1979 MGB oil change interval

The MG’s were built to lower tolerances and lower performance than modern engines so there’s little benefit to the synthetics and I agree with sgtrock that pretty much any 10/30 would be fine. As far as additives go, if it makes you feel better, you can pick up a ZDDP additive at Moss Motors.
But because of the low usage, much more important is the frequency of the oil changes, which if you’re driving year round would be about every 6 months and would include greasing and lubing everything.
However, if your year still has brass transmission and drive train components, it’s very important to use the correct “old spec” gear oil to avoid degrading the syncronizers and seals.

My current Brit Car is a 1952 MG TD that I’ve had for over 30 years and from my experience the best thing you can do for your car is to drive it frequently to get the oil distributed, boil the moisture out and get the coolant and gas flowing. Still runs like a top.

There is a principle called microfiltration. The wear rate is proportional to the square of the mean particle size in the oil circulating. I have been inserting ceramic magnets in the clean side of my oil filters. They take out all the magnetic particles that are too fine for the filter to catch. this reduces the wear rate in the engine, the friction in the engine increasing fuel economy by up to around 5% and increases the life of the oil and filter-essentially doubles the life of lil and filter. The one I use is shown on a web site. They are about 1/4 inch square in cross section and about 1 inch long. They grab onto the steel tube on the inside of the filter media. Clean off and install in the new filter at oil change time. I have been using exclusively synthetic oils in all my cars for over 40 years and magnets in oil filters for about 10 years. My newest car is a BMW 7 1994, then a 82 Nissan diesel and a 72 SS ElCamino. More years per car.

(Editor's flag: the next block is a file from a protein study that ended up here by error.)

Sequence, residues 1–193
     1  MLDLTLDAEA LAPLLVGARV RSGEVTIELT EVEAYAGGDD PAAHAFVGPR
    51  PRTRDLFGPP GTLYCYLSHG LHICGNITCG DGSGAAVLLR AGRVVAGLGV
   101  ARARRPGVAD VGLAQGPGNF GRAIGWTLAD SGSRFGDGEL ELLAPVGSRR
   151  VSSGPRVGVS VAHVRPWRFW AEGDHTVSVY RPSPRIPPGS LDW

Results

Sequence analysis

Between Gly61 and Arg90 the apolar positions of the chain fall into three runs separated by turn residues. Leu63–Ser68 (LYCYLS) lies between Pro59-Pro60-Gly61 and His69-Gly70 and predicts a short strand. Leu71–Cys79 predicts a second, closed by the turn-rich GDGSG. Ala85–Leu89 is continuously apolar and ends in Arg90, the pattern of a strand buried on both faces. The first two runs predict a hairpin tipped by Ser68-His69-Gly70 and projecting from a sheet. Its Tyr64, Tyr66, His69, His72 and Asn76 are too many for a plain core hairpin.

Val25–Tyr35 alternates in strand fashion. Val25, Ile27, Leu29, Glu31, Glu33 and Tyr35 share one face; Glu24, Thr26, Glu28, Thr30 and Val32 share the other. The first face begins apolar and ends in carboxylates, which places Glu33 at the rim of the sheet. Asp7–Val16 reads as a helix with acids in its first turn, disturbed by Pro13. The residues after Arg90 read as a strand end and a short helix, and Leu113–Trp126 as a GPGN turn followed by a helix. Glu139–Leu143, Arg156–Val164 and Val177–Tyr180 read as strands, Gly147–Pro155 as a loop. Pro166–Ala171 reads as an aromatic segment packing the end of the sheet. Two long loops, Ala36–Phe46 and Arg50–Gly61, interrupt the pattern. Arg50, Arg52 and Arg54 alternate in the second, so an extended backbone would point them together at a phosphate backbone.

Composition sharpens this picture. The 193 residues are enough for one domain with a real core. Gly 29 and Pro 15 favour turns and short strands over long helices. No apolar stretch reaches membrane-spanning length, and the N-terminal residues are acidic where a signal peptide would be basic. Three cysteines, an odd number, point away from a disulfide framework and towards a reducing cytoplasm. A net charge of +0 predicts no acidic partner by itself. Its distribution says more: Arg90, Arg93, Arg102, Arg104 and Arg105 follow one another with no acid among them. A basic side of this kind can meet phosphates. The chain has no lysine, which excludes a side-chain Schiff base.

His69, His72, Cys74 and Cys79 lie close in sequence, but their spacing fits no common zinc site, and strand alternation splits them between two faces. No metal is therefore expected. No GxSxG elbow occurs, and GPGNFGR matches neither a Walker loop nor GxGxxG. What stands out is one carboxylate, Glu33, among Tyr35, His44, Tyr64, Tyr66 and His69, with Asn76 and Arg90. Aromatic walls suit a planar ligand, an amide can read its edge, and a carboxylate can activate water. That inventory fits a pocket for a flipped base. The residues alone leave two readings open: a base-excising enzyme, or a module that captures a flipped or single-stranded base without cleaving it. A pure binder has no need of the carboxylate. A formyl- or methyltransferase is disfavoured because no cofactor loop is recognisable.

The last time I had an engine failure was in a 56 Desoto and It failed with the speedometer needle pegged at the limit of it.s travel.

Rust kill our cars so there would be no benefit to me except the extra fuel mileage which I am very skeptical of.

If manufacturers could get 5% greater mileage by incorporating a 1" long magnet in the oil system, every car would have one.

Okay you may disbelieve physics if you choose to; it is your choice.

That is what the hucksters who were peddling cold fusion said, and throwing around a lot of scientific sounding terms does not make you a physicist.


Okay key principle is microfiltration wear reduction in lubrication systems. Use it or don’t as you like; results are as you choose.

The claim of 5% better mileage is the problem. Car companies would spend many millions to achieve that, including adding a magnet, if it worked. What’s your proof?


That may be your only fact based statement. If I put magnets in my oil filter I can claim all kinds of imaginary results.

Your peer reviewed sources proving your “science” and the magnets efficiency thereof?

I’m to cheap to use real magnets so I use imaginary magnets to get my imaginary results.